Last year, I got one of Retro Game Restore‘s awesome clear shells for my PC Engine console. The kit also contained a new shell for my controller, which presented a conundrum; My console shell was in bad condition and I was happy to swap it with a replacement, but my controller was still in great shape and I wanted to leave it original. I’ve been debating how I’d use it, until yesterday when I saw Hyperkin’s controller, hanging on a wall at Brooklyn Games & Arcade. While I don’t like their look and feel, it comes with an adapter that lets it run on both PC Engine and Turbo Grafx-16 controller ports, which was a value in itself. As long as it fit in the RGR case, I thought it might be a great choice. Turns out, with a tiny bit of trimming, it fits perfectly! Read and watch for more info:
Hyperkin Specialist PCE/TG-16 Controller: https://amzn.to/3qk5XcT
Clear Replacement Shells: https://www.retrorgb.com/pc-engine-translucent-smoke-gray-case-by-retro-game-restore.html
I disassembled the new Hyperkin controller and moved everything into the Retro Game Restore controller shell. As I tried to bolt down the new rear cover, I was having a hard time getting it closed and realized the buttons just wouldn’t fit all the way through. I’m not sure if the Hyperkin buttons were thicker, or if the RGR shell just had a tiny bit more plastic around the edges, but it seemed like such a small difference, that I could fix it.
At first, I hoped I had a drill bit I could hand-turn that was the perfect size, but all mine were either too small, or just a hair too big. I left that “test” in the video, cause it made me lol to see a giant drill bit next to that new shell 🙂
I ended up using an X-Acto knife to very carefully cut the extra “lip” around the button hole. The video made it look like one or two simple scrapes, but it took a minute: I tried to carefully cut all the extra material on the controller shell all the way up to the supporting plastic, without cutting any of the button shaft. Maybe the difference between the Hyperkin and RGR shells was just that tiny lip?:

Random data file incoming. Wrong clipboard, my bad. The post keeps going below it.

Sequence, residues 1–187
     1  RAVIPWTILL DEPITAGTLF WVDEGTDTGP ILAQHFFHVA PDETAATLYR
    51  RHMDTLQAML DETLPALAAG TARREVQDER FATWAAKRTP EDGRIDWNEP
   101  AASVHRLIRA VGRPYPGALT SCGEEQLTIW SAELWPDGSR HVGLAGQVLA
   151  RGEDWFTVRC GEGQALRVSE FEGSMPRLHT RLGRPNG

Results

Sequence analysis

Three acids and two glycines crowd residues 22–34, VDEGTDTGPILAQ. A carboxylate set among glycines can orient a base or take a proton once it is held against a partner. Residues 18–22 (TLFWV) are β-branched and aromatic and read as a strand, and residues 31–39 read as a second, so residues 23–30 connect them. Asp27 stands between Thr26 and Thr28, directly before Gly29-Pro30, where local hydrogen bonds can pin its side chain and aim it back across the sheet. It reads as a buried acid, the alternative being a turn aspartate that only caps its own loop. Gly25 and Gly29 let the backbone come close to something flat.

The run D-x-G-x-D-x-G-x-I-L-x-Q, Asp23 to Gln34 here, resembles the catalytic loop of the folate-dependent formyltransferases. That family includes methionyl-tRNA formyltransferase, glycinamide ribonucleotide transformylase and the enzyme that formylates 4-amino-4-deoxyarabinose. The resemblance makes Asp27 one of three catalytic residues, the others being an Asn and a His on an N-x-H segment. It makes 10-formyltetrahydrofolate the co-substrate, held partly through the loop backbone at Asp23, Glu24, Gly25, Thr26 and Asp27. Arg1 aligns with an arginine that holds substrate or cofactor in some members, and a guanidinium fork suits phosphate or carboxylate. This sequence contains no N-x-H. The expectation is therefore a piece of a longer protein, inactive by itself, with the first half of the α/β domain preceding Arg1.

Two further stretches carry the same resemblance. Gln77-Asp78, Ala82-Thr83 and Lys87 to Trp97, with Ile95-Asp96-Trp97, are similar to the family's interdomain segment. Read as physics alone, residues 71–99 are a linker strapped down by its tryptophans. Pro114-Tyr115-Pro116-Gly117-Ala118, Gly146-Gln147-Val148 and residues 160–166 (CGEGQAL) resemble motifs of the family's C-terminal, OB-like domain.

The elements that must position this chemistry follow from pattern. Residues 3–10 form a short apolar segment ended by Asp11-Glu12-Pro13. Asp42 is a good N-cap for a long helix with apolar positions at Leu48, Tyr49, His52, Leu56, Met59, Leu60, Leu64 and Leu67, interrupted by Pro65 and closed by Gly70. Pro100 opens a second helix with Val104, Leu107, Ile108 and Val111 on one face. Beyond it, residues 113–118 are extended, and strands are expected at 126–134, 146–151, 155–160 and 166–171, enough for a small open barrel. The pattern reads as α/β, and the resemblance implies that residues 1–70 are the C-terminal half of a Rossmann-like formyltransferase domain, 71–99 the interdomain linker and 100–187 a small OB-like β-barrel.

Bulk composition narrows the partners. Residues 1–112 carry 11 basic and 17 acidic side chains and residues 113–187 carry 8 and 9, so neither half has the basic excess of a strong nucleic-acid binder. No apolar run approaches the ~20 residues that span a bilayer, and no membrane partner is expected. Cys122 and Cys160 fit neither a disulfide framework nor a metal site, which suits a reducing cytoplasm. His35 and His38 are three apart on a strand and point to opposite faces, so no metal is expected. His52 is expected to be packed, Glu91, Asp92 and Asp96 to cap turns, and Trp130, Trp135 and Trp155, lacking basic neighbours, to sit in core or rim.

I then used the metal edges on the tightening nut of the X-Acto knife as a “file” and smoothed the edges. There weren’t any sharp burrs and it looked fine, but that last “smoothing” of the plastic removed any indication a mod was done at all:
Then I affixed the overlay that Retro Game Restore ships with the kits: There’s a choice of two and only one has holes pre-cut for the “turbo” switches, so I had to choose that one. I honestly think the controller would have looked amazing without the overlay at all, but I wanted to complete the mod and see how it looked (click for full-sized):
Overall, I think it came out great! The Hyperkin controller is fine – It’s not quite as good as the original, but I didn’t have any major complaints about the one I got. I should note that Hyperkin isn’t known for their consistency though; Out of every 20 controllers, 19 might be perfect and one might have an issue. I’m comfortable recommending them, as generally speaking, if it comes from Hyperkin and doesn’t have an HDMI port, it’s usually a good value for the money. Run away from anything stamped “Hyperkin” that has an HDMI port on it though…
While I wouldn’t recommend running out and getting a Retro Game Restore kit just to do this, I’d absolutely recommend it for people in the same situation I was in: You bought a RGR kit, but want to leave your controller as-is. Spending another $25 (ish) to make use of the case would be worth it just for a PCE controller…but the fact that this Hyperkin kit also gives you a TG-16 – to PCE controller adapter that also works with original controllers makes this a really good purchase!